Pike County Schools District received a positive 2019-20 audit, but the report also highlighted several concerns for how the district could be impacted by the COVID-19 pandemic in the future.
During a meeting on Feb. 18, the Pike County Schools Board of Education was presented the district’s 2019-20 audit by Don Wallen, of Wallen, Puckett & Anderson, PSC. The audit provided an overview of the district’s financial statements and activities during the past fiscal year, ending on June 30, 2020. Wallen said that they verified the district’s finances for any potential errors in recording or reporting transactions.
“We found no violations of any federal or state laws, and all of the transactions had been properly recorded and reported,” Wallen said. “We did note that we found a few examples of errors of not following the Redbook at some of the schools. That’s not an unusual thing. I’ve been doing school board audits for almost 50 years now, and I do not recall ever doing one where we didn’t find something at the schools.”
There were several highlights of the report that Wallen shared with the board, with the first being that the district reduced its debt by $7 million over the past year and had improved its net position. The district’s system-wide net position was about $535,000 by June 30, 2019, and it increased to $2.7 million by June 30, 2020.
The district’s General Fund had about $82.76 million in revenue, which consisted of a beginning balance of nearly $5.4 million, the state program (SEEK) funding, property, unmined minerals, utilities and motor vehicle taxes. The beginning balance also included $350,000 in reserved for paid sick leave and $750,000 in reserved for worker’s compensation.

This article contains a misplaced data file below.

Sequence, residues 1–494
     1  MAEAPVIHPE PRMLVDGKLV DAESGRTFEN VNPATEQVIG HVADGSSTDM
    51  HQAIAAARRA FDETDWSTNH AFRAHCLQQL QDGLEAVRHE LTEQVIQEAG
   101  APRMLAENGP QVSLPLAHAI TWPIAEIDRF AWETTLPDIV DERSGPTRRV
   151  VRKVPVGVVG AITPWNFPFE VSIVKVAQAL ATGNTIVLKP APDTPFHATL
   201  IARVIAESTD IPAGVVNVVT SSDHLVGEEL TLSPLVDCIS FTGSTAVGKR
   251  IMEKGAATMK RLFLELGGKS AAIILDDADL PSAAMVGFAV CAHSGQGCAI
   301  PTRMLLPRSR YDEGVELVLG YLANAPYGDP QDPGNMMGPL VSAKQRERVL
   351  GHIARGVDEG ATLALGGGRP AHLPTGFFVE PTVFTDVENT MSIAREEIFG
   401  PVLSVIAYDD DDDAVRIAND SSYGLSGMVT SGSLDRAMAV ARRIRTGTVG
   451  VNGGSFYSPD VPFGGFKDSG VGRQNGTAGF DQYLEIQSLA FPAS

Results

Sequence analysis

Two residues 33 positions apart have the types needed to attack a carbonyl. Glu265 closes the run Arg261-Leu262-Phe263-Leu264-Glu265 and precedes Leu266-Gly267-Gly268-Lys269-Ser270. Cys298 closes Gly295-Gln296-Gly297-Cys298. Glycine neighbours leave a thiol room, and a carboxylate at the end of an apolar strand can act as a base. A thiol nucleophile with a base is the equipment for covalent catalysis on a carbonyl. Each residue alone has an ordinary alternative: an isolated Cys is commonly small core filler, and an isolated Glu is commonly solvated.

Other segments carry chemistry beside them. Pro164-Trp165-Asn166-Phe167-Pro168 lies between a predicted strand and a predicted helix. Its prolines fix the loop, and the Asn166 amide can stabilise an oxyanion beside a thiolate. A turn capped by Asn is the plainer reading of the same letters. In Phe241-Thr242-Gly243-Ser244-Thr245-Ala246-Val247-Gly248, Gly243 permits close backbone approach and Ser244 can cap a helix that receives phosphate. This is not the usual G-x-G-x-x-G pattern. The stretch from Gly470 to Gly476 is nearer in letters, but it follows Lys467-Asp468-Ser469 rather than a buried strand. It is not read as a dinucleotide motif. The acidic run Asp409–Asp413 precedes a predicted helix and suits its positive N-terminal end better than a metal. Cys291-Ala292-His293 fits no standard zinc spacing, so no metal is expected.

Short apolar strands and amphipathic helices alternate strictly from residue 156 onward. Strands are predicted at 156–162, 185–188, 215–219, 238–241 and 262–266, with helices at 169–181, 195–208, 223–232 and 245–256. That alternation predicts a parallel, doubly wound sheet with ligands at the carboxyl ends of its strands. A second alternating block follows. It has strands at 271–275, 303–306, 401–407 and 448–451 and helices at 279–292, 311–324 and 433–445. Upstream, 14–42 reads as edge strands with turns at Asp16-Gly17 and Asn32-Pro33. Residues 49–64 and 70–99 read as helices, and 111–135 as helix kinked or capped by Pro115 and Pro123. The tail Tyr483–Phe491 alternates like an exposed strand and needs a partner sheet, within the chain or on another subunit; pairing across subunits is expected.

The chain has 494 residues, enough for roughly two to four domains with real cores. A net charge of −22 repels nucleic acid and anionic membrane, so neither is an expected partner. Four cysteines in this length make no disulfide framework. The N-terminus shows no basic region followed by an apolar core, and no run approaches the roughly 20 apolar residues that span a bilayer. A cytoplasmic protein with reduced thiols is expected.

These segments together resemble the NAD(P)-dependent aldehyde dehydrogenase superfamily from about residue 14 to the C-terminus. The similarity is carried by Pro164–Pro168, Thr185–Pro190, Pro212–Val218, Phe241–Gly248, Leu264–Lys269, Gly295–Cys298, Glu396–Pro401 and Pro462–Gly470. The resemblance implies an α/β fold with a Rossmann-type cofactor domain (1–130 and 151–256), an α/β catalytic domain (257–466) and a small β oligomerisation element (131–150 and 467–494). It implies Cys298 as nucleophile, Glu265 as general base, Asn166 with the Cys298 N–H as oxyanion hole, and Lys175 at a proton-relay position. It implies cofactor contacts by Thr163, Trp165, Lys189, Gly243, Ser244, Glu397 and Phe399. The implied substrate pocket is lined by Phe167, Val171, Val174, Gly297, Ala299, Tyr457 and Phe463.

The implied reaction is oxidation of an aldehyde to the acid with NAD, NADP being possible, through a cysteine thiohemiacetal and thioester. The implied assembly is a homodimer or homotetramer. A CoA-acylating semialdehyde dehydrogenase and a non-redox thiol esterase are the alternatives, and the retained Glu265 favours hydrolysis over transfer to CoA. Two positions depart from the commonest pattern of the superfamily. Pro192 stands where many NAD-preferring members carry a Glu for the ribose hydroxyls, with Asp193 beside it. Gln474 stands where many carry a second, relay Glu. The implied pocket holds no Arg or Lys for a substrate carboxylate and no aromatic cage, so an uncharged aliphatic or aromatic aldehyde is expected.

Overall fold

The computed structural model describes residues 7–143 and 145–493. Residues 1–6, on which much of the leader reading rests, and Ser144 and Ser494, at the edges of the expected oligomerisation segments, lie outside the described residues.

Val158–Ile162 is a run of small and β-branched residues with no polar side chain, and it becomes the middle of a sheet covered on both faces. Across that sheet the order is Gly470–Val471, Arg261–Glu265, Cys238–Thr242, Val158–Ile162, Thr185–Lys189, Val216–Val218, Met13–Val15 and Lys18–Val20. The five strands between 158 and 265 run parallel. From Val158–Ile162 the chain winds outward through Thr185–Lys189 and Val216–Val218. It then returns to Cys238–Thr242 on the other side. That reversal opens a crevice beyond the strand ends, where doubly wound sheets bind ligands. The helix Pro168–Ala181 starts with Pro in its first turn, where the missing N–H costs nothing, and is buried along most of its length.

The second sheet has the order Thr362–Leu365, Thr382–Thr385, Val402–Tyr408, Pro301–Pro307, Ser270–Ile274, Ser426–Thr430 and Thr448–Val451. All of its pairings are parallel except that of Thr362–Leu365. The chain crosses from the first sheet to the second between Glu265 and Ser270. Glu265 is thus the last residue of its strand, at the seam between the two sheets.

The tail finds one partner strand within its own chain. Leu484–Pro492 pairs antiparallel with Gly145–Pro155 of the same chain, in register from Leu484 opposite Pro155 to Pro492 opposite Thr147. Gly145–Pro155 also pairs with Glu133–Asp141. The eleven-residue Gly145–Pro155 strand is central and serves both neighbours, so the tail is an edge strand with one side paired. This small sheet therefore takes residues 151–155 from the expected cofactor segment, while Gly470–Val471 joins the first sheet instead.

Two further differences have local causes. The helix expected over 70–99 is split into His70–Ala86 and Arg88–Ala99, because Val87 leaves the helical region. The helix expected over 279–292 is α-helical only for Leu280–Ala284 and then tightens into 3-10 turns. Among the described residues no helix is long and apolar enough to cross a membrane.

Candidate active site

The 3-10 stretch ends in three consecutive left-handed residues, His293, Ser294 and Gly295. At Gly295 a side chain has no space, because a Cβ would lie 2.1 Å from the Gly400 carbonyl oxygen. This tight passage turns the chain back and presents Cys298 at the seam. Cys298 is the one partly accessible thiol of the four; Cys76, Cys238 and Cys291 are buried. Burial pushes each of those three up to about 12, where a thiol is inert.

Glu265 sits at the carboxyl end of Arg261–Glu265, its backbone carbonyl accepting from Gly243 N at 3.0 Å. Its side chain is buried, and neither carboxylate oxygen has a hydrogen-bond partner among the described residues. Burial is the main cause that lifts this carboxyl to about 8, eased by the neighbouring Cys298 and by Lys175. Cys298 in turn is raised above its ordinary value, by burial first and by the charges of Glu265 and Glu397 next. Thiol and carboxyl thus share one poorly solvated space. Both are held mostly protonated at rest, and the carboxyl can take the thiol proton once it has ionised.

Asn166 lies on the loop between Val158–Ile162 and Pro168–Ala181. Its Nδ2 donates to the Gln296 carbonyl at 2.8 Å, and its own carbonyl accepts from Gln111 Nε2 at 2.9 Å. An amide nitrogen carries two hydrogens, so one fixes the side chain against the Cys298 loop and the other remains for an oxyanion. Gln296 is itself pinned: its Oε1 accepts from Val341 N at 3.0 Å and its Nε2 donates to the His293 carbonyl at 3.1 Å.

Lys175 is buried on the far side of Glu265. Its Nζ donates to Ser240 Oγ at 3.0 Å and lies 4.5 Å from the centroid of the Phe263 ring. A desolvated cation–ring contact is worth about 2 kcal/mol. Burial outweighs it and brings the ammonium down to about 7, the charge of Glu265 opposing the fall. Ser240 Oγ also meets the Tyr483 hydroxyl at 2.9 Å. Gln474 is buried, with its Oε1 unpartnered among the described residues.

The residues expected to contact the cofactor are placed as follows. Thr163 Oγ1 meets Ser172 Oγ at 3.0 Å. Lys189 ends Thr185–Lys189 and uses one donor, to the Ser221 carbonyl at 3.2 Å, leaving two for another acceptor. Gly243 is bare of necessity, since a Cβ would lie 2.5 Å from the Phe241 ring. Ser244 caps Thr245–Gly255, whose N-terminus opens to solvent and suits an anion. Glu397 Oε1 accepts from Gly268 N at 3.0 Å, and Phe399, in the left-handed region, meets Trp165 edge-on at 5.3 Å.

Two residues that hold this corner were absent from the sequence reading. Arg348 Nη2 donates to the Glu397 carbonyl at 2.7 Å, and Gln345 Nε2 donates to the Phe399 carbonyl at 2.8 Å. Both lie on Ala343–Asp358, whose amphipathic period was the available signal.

During the 2019-20 fiscal year, there were about $75.57 million in General Fund expenditures, which consisted primarily of salary and benefits, utilities, insurances, new vehicle/buses, computers, instructional supplies, maintenance and transportation supplies, general supplies contract and professional services and other items as determined by necessity, according to the report.
Wallen noted that receipts for the General Fund were less than budgeted by about $456,000, which the district attributed mostly to a decrease in utility taxes. He said that the general fund ended with a surplus of nearly $7.2 million, compared to the surplus of more than $5 million left by June 30, 2019.
The district spent more than $2 million less than it was expected to over the past year, which Wallen said was directly related to the COVID-19 pandemic.
“When you don’t have school, you don’t run buses, you don’t hire substitute teachers and you don’t spend as much money,” Wallen said. “The COVID (pandemic), in effect, saved us money this year. Obviously, we’d rather not have it, but we’ve had it.”
Despite that, he said, the pandemic’s lasting effects on businesses and employment may cause more people to leave the district in the coming future, due to the loss of available jobs.
“In fiscal year 2021, the biggest concern of the district will be the instability of the collection of tax related revenues, which are impacted by the economy and the continual decline of the coal and natural gas industries in the area,” according to the audit report. “The number of businesses closing and/or filing bankruptcy has a negative effect on both general property taxes and unmined mineral taxes, as well as the loss of students due to families leaving the area to look for employment.”